Ernest Gonzales: Been Meaning to Tell You
FoF Music

Kind of funny, isn't it. Whereas Ernest Gonzales's Exponential label often issues instrumental hip-hop of one kind of another, his second full-length often plays like an affectionate homage to New Wave and ‘80s electro-pop (in actual fact, the album's designed to be a love letter to his wife, Devyn, that expresses all of the words, thoughts, and emotions he feels for her). The disc's thirteen high-energy cuts overflow with day-glo synths, fulminating breakbeats, and lead guitar and bass melodies that intertwine like some New Order tribute band. It's rambunctious, high-spirited, and fun, and feels rather old-school in its production approach with Gonzales's careful layering of instruments doing its best to approximate a live band feel. The San Antonio, Texas-based music producer's trump card is melody, as pretty much every one of the tracks distinguishes itself on such grounds first and foremost, with candy-coloured arrangements following close behind.

Many of the songs are three-minute jewels teeming with joyous synth and guitar weaves (such as the opener, “Dancing in the Snow,” with its pretty pealing guitar and glockenspiel melodies, beat-boxing, and breakbeat skitter), and lovely tunes abound (e.g., “Upon the 49th Day”), whether they be uptempo (“Opening a Lost Sacred Door,” where the loose slam of a garage band marches assertively through said door) or trippy (“Psychedelic Bellhop,” where 8-bit melodies jitter before the six-string explosion sets in). A marriage of jubilation and melancholy, “Falling Asleep to the Glow of the Television” rides arcade melodies and glistening guitar shadings over a hiccupping wave of hyperactive drumming. Three minutes of shoegaze-dreampop swoon, “We Can Live in the Forest” rides a front line of New Order bass lines and chiming guitar melodies. Note as well that the jam-packed release includes the album itself plus two supplements: a sixteen-track remix album (featuring contributions by Aether, CYNE, Daedelus, Mexicans with Guns, Pollination, Take, and others) and a full-colour digital art book (available in digital and physical form) that includes notes by Gonzales about each song as well as illustrations by international artists.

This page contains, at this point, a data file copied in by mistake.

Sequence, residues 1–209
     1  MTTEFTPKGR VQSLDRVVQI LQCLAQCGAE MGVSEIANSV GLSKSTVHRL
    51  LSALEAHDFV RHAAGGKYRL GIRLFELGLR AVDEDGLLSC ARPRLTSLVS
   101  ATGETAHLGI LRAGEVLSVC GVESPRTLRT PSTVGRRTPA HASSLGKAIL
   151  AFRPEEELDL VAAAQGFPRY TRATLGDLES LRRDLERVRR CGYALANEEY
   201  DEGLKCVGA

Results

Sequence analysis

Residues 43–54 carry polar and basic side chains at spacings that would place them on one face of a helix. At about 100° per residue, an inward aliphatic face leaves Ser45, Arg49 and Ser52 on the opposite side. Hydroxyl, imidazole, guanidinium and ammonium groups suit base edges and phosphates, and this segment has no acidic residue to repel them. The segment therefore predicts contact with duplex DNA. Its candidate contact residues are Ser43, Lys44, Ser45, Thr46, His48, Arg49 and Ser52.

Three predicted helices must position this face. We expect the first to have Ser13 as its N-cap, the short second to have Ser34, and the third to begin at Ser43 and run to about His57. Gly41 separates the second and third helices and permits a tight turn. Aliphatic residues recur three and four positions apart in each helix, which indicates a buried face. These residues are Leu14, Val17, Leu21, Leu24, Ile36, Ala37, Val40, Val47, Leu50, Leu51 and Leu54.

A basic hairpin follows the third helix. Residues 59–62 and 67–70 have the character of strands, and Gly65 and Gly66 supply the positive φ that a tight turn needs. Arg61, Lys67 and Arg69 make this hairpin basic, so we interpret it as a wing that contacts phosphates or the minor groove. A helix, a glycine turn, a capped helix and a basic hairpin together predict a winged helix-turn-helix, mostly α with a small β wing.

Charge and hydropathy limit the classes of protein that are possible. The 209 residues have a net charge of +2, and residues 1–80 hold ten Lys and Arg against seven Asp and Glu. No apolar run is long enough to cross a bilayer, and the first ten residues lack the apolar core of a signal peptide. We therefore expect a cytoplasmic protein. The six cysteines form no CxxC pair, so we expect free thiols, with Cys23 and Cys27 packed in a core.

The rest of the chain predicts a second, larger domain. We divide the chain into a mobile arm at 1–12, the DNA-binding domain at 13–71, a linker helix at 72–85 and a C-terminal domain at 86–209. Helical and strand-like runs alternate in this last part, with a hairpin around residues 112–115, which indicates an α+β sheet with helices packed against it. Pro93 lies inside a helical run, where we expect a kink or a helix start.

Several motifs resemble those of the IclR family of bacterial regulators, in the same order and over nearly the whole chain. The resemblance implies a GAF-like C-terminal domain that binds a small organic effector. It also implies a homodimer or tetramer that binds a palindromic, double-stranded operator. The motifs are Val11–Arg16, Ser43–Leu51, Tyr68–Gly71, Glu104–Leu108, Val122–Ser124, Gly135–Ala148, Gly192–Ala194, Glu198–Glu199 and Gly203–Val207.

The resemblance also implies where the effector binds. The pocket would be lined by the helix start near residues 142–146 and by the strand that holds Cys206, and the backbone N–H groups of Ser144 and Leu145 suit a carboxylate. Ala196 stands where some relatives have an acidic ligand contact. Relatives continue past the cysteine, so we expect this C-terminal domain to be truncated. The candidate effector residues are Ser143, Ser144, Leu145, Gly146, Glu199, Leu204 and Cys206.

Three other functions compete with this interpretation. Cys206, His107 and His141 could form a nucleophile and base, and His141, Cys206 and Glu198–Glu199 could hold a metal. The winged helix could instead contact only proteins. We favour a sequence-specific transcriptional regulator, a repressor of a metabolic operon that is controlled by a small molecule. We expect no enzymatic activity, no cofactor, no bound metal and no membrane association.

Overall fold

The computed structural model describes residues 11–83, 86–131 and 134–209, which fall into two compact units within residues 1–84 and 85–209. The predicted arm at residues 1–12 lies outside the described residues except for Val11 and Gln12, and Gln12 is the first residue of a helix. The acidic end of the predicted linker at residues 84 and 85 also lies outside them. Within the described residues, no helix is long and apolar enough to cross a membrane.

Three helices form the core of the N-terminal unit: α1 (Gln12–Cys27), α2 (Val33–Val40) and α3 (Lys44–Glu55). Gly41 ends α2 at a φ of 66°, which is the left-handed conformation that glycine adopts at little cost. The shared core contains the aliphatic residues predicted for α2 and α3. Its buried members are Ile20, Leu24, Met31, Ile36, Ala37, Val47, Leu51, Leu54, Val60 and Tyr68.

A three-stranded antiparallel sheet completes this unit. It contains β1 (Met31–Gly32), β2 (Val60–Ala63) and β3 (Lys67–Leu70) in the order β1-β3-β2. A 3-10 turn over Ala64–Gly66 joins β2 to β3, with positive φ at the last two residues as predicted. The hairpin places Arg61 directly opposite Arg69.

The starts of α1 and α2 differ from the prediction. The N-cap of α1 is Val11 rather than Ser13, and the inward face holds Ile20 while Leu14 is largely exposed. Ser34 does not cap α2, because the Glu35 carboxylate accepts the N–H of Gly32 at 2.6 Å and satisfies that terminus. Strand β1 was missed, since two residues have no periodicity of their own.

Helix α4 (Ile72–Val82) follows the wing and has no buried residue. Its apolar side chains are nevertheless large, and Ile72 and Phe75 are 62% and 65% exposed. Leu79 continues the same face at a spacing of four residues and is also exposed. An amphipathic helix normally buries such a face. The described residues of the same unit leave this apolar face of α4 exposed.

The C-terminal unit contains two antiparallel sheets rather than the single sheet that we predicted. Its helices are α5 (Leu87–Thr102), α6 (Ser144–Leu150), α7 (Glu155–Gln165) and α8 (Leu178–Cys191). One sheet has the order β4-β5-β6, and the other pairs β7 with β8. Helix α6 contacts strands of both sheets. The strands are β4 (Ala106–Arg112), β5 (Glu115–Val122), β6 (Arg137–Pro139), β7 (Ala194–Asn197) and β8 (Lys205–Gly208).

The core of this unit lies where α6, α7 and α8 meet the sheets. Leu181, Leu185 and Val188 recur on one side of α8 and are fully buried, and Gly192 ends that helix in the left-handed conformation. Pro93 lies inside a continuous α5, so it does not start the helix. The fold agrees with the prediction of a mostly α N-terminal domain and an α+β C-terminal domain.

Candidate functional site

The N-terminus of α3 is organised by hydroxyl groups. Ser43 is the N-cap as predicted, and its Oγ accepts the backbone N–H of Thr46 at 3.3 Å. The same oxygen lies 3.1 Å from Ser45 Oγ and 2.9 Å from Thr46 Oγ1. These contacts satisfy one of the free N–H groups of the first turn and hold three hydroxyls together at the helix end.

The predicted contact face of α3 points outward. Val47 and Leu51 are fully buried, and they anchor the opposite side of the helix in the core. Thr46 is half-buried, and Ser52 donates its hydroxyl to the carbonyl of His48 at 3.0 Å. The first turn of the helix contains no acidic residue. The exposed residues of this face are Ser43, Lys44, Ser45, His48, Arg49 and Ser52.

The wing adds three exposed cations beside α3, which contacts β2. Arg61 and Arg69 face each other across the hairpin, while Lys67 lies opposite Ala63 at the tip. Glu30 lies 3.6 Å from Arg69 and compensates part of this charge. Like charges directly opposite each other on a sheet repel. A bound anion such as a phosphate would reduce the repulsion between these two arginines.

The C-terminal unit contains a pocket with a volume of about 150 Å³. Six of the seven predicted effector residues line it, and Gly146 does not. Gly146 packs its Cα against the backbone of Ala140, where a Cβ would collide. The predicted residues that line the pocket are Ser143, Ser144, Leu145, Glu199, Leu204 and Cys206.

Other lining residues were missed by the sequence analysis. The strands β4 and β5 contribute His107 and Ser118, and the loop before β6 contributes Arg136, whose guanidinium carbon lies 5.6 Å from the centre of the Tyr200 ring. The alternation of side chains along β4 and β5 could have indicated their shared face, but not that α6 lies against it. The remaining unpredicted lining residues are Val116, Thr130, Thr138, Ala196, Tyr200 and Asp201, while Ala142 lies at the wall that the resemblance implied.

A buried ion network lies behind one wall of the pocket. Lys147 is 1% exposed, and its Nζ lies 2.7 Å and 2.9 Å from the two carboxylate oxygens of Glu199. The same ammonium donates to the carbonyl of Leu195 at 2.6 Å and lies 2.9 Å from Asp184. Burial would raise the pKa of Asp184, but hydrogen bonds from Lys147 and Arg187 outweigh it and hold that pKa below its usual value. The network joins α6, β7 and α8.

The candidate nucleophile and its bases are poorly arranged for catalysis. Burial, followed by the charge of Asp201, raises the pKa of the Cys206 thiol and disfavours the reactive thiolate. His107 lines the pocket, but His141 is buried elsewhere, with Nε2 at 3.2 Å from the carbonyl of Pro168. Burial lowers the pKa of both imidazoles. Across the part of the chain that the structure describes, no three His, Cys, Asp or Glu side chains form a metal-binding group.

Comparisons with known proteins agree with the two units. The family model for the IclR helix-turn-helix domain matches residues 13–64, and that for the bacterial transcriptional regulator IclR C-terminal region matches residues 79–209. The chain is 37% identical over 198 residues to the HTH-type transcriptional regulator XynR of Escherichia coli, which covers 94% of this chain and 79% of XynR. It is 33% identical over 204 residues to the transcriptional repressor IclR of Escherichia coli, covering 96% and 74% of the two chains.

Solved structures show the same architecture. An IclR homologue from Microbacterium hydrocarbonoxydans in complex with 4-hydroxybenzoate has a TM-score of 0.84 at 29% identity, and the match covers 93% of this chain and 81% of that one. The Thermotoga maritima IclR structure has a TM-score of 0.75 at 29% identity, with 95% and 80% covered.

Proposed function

February 2010